While sweet, fruit-based bars will likely remain popular, especially for consumers seeking a pick-me-up in the morning or afternoon, savory flavor profiles continue to gain traction, says Paul Pruett, ceo of Mediterra.
Founded two years ago, Mediterra develops snack bars based on flavors and ingredients native to the Mediterranean region. Basil, tomato and olives are included, of course, but walnuts, bell pepper, kale and pumpkin seeds are also featured.
Pruett noted tastes of flavor-fatigued consumers are evolving beyond traditional combinations toward pairings that are more robust and offer health benefits. He pointed to Mediterra’s Kale and Pumpkin Seed bar, which, with added pea protein, has become a top seller.
“Consumers today are more educated,” Pruett says. “They’re more up to speed on what’s trending, what’s good for them, what’s not good for them.”
While Mediterra has made headway as a provider of savory bars — the company plans to introduce two more at Natural Products Expo West this month — it has sweet options as well. Mediterra recently added Lemon and Walnut and Fig and Almond to its yogurt-covered offerings.
“It’s helping us certainly to have the two platforms — both sweet and savory,” he says. “It brings the consumers back to our brand and it continues to give them a variety to choose from.”
Epstein noted goodnessknows will also introduce savory bars later this year.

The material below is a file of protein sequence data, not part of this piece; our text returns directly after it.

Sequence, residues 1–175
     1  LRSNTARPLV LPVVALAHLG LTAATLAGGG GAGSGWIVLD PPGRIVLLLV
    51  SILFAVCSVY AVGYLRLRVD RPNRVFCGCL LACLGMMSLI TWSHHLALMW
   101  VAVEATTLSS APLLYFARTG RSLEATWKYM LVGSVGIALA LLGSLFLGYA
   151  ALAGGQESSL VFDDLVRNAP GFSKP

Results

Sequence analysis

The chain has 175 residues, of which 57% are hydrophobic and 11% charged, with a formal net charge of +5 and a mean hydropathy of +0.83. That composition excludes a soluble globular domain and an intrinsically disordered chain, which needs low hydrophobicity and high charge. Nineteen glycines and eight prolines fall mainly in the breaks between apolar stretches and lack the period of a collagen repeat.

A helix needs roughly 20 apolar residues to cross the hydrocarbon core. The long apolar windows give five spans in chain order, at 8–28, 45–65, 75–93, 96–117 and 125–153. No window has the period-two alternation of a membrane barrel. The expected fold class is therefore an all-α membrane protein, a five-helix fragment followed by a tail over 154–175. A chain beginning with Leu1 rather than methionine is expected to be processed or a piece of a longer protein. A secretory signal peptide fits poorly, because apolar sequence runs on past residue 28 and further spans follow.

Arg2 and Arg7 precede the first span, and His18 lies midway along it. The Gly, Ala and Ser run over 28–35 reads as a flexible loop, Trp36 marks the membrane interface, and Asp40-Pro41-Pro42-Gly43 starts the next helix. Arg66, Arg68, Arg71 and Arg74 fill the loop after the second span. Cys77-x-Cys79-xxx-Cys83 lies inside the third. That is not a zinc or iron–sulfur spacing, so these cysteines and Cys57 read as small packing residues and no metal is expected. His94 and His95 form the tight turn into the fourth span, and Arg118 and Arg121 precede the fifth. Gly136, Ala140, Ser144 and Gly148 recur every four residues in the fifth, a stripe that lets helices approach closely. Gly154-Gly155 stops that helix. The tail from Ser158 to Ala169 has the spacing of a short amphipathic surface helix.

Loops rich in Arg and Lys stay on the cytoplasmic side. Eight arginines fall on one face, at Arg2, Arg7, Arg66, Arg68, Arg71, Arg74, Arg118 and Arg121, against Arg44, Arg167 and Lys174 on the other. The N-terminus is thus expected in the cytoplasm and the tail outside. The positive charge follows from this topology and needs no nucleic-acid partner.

“We’re embracing the sweet and savory trend and will debut combinations that will offer really unique flavor profiles that haven’t been part of our portfolio of flavors yet,” he says.
Offering a variety of flavors, formulations and nutritional benefits could be what attracts new consumers to the category and pushes sales upward, Pruett says.
“There are still many consumers that we haven’t reached, which is all good news for every nutrition bar company out there,” he says.
KIND founder launches foundation to promote public
Daniel Lubetzky, founder and ceo of KIND Healthy Snacks, has launched Feed the Truth, an independent organization seeking to improve public health by promoting truth, transparency and integrity in the food system.
Lubetzky will remove himself entirely from the organization’s activities and governance. He has assembled three unaffiliated public health advocates whose sole role is to nominate Feed the Truth’s Board of Directors. The advisors, all serving voluntarily, include:
- Deb Eschmeyer, former executive director of Let’s Move! and senior policy advisor for nutrition at the White House.
- Michael Jacobson, PhD, co-founder and president of the Center for Science in the Public Interest.
- Marion Nestle, PhD, MPH, professor of nutrition, food studies and public health at New York University.
Feed the Truth’s mission is to address the food industry’s influence in shaping nutrition policy, among other activities affecting public health. While specific programming will be decided by an executive director to be appointed by the Board of Directors, activities could potentially include grants to support investigative journalism, consumer education campaigns and educational briefings to policymakers and influencers.
Lubetzky’s donor-advised fund has made an initial contribution of $5 million to Feed the Truth. Lubetzky intends to fund an additional $20 million over the next 10 years.